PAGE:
nytheatre.com review by Martin Denton
May 9, 2006
I'm sorry, but I found Jonathan Kent's new production of Faith Healer unwatchable.
I mean this literally. Jonathan Fensom's set for the show consists of some sparse furniture on a bare, open stage whose three walls have been painted a steely and unyielding dark, dark grey. Mark Henderson's lighting consists of sprigs or pins of dim light on the actor who is on stage at the moment (this is a monologue play, with the actors performing one at a time). The resultant barely illuminated stage pictures played havoc with my middle-aged eyes; after staring most of the day at a computer screen, they hope for something more loaded with color, contrast, and action to look at than the grainy, unfocused, stagnant sights that comprise Faith Healer. My eyes and I gave up the ghost at intermission and went home.
What I can tell you from having sat through the first act is that Ralph Fiennes is giving a fine, nuanced, appealing performance here, as a man named Francis Hardy who makes his living as a faith healer, traveling around small towns in Scotland and Wales and "performing" (his term) in front of audiences of the desperate and hopeless. Fiennes gives vivid voice to Brian Friel's talky script, creating a character who thinks a lot about his job and his place in the world, his so-called "gift" and how it relates to the abstract notion of faith.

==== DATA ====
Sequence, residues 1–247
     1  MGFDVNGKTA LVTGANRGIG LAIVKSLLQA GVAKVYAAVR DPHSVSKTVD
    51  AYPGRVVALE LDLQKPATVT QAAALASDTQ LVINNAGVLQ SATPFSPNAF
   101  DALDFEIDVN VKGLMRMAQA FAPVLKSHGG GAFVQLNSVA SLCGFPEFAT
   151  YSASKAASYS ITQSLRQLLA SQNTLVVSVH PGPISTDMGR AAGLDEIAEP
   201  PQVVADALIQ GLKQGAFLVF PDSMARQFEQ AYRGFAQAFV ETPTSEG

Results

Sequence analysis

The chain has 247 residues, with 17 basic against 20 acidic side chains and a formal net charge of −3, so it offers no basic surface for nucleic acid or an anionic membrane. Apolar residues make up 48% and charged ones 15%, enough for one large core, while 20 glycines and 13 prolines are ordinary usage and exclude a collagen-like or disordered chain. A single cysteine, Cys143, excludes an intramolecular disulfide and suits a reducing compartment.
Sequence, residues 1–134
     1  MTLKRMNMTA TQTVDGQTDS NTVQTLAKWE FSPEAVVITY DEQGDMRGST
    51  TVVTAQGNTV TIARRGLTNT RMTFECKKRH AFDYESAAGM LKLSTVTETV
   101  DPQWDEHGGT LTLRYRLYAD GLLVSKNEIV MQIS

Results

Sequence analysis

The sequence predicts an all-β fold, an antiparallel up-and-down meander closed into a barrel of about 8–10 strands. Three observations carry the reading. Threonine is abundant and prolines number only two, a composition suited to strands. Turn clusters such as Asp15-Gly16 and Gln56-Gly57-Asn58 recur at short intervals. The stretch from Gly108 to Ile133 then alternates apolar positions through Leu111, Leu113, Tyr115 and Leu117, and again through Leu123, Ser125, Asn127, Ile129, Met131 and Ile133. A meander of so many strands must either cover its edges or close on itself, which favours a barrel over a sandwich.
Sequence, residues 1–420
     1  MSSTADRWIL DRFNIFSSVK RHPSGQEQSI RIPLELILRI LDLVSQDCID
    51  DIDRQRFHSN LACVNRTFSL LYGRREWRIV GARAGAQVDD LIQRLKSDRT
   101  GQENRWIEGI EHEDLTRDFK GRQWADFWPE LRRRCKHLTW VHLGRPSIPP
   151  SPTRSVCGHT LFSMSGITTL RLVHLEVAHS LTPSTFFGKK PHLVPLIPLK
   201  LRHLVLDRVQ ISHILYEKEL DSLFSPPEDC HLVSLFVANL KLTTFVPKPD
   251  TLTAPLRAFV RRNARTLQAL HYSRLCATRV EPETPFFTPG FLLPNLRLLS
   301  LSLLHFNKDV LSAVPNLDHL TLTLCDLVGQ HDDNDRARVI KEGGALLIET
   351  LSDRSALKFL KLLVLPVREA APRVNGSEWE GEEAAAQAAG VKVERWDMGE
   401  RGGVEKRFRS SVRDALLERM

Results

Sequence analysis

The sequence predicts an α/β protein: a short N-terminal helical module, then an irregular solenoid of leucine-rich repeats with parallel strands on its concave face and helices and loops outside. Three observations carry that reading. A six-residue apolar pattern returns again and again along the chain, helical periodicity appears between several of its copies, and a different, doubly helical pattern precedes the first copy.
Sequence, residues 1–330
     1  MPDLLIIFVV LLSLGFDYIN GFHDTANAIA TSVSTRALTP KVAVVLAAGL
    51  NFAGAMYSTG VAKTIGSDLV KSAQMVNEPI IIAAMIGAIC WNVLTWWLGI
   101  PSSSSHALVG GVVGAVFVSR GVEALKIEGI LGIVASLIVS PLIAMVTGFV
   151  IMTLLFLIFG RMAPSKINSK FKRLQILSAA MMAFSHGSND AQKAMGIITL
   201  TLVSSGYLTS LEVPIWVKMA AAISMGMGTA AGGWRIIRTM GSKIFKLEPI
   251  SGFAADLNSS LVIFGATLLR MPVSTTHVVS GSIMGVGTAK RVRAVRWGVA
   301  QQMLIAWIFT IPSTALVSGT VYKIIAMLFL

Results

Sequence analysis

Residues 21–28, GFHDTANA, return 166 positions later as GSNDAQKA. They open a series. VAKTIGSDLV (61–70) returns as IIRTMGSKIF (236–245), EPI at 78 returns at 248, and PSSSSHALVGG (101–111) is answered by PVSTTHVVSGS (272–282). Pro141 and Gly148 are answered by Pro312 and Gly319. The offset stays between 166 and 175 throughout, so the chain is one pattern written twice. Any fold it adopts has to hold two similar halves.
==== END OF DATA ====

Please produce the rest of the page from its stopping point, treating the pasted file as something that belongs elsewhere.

I can also tell you that Cherry Jones seems badly miscast as Hardy's wife, Grace, a woman whose passion for her husband is approximately the same (enormous) size as her skepticism about his abilities; her concern for his emotional and psychological welfare is, apparently, the thing that binds her to a man she nevertheless steadfastly refuses to understand. Grounded, smart Jones never makes us believe in this odd, flighty woman; and directed by Kent to sit relentlessly still in a chair for her entire 35-minute monologue, she's hard to stay focused on. Jones's odd accent—American Midwestern except for Boston-y long a's—is difficult to listen to, as well.
As for Friel's play, it strikes me as lazy writing of the kind that has become more and more pre-eminent in the English-speaking theatre in the 20-odd years since he composed this piece. Its structure—four successive monologues—precludes the playwright from having to develop believable interactions among characters, which seems to me to be the hallmark of good dramatic writing; instead, he substitutes easy but undefined relationships between them and us, and I found myself wondering, repeatedly: who are these people? where are they? where do they think I am? why are they talking to me?
It's possible that some of those questions might have been answered for me had I wished to subject my eyes to another hour-plus of the severe strain of trying to look at this dim and static production's second act. (The lighting is so dark that from row K in the orchestra I could barely make out what was written on a large placard at least six feet high that is the most prominent set piece.) As things stand, the questions will remain unanswered...and I'm not feeling bothered by that at all.